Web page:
Voters in northern Iraq’s Kurdish region will cast ballot in the region’s parliamentary elections on Sunday in which 29 parties and coalitions are vying for seats.
The High Election Commission in the Kurdish region has established some 5,933 voting stations in the cities of Erbil, Sulaymaniyah, Dohuk and Halabja for the polls.
Around 3.8 million voters are eligible to cast ballot in the vote to elect 111 members of parliament.
Voting will begin at 08.00 a.m. local time and end at 18.00 p.m.
Electronic vote counting, which has caused uproar during Iraq’s May 12 parliamentary election, will not be used in the Kurdish polls. Votes, instead, will be counted manually.
Leading parties vying for seats in the parliamentary polls include Kurdistan Democratic Party (KDP), Patriotic Union of Kurdistan (PUK), Gorran Movement, Kurdistan Islamic Party (Yekgirtu), Kurdistan Islamic Group (Komal), Kurdistan Islamic Movement (Bizutnava) and the Iraqi Turkmen Front (ITF).
The parliamentary polls are held every four years in the Kurdish region.
It had been scheduled to be held in 2017, but the vote was postponed for a year as a result of political and economic crises in the region.
The parliamentary vote in the Kurdish region is the first since the defeat of the Daesh terrorist group by Iraqi forces and a US-led coalition last year.
KDP to stand its ground
The Kurdistan Democratic Party (KDP) has been the dominant force of the elections since 1992.
Recent opinion polls showed that the KDP led by former leader of the Kurdish Regional Government (KRG) Masoud Barzani – which has a strong backing in Erbil and Duhok — will be able to keep its seats in parliament due to current divisions in the opposition.
In the 2013 parliamentary polls, KDP won 38 seats in parliament, managing to keep the presidency, prime ministry and top portfolios.
The Patriotic Union of Kurdistan (PUK), which is dominant in Sulaymaniyah, won 18 seats in the last KRG parliamentary polls, trailing third after the Gorran Movement.
As PUK has failed to choose a party leader since former president Jalal Talabani, it has lost a considerable blood as a result of internal conflicts.
Declining Gorran Movement
Founded in 2009, the Gorran Movement ranked second in the last parliamentary polls.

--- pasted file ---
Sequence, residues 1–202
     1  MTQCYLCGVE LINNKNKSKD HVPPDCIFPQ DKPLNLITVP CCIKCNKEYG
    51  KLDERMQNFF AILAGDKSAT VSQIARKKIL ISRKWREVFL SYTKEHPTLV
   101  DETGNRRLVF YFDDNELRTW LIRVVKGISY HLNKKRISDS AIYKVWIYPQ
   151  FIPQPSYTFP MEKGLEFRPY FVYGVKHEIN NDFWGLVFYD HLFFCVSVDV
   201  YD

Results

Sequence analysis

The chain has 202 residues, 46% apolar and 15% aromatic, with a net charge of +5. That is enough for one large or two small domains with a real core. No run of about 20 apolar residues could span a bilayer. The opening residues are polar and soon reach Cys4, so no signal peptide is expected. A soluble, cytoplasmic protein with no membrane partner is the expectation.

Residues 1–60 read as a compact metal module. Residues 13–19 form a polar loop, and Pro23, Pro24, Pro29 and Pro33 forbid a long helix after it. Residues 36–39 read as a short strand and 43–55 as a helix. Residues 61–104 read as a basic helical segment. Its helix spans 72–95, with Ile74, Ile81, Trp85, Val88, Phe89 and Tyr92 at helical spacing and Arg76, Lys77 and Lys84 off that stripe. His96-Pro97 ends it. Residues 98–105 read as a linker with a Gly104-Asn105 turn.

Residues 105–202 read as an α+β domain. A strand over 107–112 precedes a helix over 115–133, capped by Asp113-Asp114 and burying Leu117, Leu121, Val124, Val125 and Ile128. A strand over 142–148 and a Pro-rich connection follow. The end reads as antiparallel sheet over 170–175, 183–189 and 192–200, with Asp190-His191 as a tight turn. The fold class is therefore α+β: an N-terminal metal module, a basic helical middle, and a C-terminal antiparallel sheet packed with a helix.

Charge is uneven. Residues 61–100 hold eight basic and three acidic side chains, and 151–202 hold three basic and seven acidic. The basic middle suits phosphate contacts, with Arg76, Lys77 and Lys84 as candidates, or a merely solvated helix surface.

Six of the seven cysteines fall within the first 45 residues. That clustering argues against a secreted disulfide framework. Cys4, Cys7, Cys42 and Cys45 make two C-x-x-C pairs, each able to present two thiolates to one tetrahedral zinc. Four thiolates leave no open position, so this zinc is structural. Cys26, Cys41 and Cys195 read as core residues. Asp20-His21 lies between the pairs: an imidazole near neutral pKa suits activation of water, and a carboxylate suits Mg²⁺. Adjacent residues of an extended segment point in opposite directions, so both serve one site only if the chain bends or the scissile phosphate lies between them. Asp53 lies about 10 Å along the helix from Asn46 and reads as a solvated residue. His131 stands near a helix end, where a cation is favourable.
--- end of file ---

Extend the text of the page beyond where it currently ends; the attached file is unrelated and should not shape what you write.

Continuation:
Led by Omar Sayyid Ali, the movement won 24 seats in the last parliamentary election in 2013, becoming a leading actor in the region.
The movement, however, has recently been losing its charm among voters due to its failure to set creative solutions to current problems in the Kurdish region or fulfill the promised reforms.
Although the movement claims that it will maintain its current seats in parliament, it is predicted that the movement will fare poorly in this weekend’s polls.
The Kurdistan Islamic Party (Yekgirtu) currently holds 11 seats in the KRG parliament while the Kurdistan Islamic Movement (Bizutnava) has only one seat. Their alliance, Reform Front, aims to attract conservative voters during the ballot.
Yekgirtu stands as the fourth party in the region and seeks to impress voters through its discourse of reform. The party is led by Salahaddin Bahaddin, who is regarded as a source of balance between Erbil and Sulaymaniyah.
On the other hand, Bizutnava, by uniting with Yekgirtu, seeks to strengthen its political status in the region and gain a more effective role in the political atmosphere.
Komal’s harsh opposition
Led by Ali Bapir, the Kurdistan Islamic Group (Komal) was founded in 2001. The party grabbed six seats in parliament in the 2013 parliamentary elections.
Sharing a close relationship with the Gorran Movement, which is positioned as the main opposition in the recent period, Komal harshly criticizes KDP and PUK on the grounds that they are at the epicenter of the current problems. Hence, it has successfully located itself at the center of the opposition wing.
ITC eyes two seats
During the Sunday election, Turkmen will be competing under eight different lists. Among Turkmen parties vying in the polls are the Iraqi Turkmen Front (ITC), Erbil Turkmen List and Nation List.
ITC, the most significant party of the Iraqi Turkmen, plans to increase its seats in parliament by winning a second seat in the polls.
The lists of the Christians, Assyrians and Kaldanis (Chaldean) will be competing for a quota of six seats.